Accommodations are limited but the Okanagan Indian Band is doing all it can to help residents displaced by flooding issues.
An evacuation order was issued on the weekend for residents of Jack Road, as well as the high road at Louis Estates Road.
Emergency Social Services volunteers are trying to meet the objective of short-term assistance for food, lodging and other necessities to anyone with proof of permanent address (photo ID) who have been displaced from their homes as a result of a natural disaster not covered by homeowners’ insurance.
“As of tomorrow morning (and for the next two weeks, at least), two ESS representatives will be in the OKIB Resiliency Centre along with Canadian Red Cross,” said the band Monday on its website.
OKIB is able to offer province-approved short-term lodging in small increments which will be reassessed often. ESS is able to offer billeting to those who qualify until noon on June 13.
“We know some families registered last week, and are currently being lodged in hotels in Vernon,” said the band, adding their stay has been extended for one week. The challenge is finding enough hotel space.
“We do have an opportunity to offer hotel lodging to those who have no other alternatives to stay local with family or friends. Group lodging may also be considered.”
Priority will be given to elders, families with young children and persons with health considerations.
The band also issued an evacuation alert for reserves #1 to #6. On Friday, the band put up a gabion wall along Lakeshore Road in Vernon to help mitigate flooding.
The Central Okanagan Emergency Operations Centre, in consultation with the Ministry of Forests, Lands and Natural Resource Operations, recommends that residents prepare for an Okanagan Lake level of 343.5 metres by mid-June.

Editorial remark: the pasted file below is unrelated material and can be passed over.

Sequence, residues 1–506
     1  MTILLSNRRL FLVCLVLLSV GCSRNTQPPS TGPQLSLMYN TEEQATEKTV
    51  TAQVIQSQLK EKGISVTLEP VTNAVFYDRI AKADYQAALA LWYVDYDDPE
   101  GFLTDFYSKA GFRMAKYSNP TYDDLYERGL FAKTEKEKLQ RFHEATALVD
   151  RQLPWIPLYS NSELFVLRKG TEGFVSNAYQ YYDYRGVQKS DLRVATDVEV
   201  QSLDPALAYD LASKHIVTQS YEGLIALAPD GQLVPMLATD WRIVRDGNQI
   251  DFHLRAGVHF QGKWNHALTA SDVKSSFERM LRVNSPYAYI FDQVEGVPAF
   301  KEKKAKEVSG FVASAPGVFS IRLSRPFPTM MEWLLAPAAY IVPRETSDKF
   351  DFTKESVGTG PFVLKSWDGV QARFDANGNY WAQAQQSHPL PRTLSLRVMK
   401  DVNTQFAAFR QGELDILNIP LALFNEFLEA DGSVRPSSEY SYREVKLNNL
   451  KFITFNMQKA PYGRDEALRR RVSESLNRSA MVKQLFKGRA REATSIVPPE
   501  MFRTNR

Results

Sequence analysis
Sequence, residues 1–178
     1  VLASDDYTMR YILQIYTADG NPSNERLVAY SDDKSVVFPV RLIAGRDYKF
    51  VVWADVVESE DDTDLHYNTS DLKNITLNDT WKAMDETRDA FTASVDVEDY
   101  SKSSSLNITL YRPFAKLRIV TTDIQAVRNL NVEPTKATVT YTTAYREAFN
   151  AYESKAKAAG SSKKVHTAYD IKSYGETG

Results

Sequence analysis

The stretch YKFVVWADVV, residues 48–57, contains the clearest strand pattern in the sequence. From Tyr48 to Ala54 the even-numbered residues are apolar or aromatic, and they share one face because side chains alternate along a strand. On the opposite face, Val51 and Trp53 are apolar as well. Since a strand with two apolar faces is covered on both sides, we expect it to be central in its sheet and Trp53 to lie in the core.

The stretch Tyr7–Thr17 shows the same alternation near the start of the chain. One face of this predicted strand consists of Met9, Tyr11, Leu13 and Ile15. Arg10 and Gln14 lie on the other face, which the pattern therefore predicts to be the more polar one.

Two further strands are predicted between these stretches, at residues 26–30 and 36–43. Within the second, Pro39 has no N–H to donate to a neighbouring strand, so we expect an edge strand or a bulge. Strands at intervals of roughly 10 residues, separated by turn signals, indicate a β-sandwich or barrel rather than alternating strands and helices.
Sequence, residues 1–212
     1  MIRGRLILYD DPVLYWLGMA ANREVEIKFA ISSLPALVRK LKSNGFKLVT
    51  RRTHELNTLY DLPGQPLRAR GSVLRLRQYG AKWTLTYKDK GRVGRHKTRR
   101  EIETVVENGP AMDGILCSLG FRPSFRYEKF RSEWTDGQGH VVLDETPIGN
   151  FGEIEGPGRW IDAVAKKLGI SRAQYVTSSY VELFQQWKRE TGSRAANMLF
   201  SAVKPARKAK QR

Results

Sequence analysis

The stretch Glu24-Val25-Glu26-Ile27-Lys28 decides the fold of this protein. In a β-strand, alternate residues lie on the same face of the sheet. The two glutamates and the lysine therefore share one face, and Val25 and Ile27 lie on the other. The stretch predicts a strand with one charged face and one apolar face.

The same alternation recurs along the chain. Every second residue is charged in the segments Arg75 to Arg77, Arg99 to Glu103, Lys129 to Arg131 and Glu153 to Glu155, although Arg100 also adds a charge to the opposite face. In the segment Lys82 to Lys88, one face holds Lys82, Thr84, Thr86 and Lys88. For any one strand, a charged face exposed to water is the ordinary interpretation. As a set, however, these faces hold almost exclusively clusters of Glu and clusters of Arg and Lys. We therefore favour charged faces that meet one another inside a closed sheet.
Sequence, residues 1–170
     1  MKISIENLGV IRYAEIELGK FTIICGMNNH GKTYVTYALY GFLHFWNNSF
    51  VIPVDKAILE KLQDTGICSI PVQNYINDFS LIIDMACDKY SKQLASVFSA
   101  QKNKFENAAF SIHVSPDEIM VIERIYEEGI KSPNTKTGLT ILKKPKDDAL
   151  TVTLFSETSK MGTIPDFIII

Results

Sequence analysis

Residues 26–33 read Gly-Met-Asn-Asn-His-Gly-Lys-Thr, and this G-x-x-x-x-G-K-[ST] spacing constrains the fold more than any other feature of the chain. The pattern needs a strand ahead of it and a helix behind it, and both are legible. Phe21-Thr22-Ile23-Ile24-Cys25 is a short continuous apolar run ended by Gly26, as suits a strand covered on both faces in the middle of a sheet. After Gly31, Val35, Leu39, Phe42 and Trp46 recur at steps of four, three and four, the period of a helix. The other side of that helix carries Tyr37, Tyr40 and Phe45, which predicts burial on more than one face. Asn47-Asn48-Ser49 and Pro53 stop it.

Residents should also ensure protective measures include an additional buffer for wave action.
The ministry states: “With the ever decreasing snowpack at higher elevations, the rate of rise on Okanagan Lake is slowing down. However, the lake level continues to exceed historic highs, and levels could increase more sharply with a significant rain event. For that reason and for planning purposes, local governments and private property owners should work to protect their properties to a lake level rise of up to 343.5 metres.”
As of Sunday morning, the level of Okanagan Lake was 343.23m, one centimetre above Saturday morning’s level (as measured by Environment and Climate Change Canada).
Kalamalka Lake rose .2 centimetres to 392.455 metres in the same time frame.
This new planning level takes into account that 50 cent of the upper level snowpack has yet to melt.
The Emergency Operations Centre will be using the 343.5m level as a planning number for analyzing flood protection measures, assessing potentially vulnerable areas and making adjustments as needed.
Residents should ensure their flood protection measures can withstand the new predicted Okanagan Lake level, with an additional 60 cm buffer for wave action – up to 344.1 metres.
Residents and visitors are reminded to stay off flood protection measures, and should find wake-free options to enjoy the lakes. Respectful operation of watercraft is urged so that boat wakes do not cause further erosion or flooding of lakeshore properties. Boaters also need to be cautious about wood debris floating under the surface of the lake and submerged infrastructure.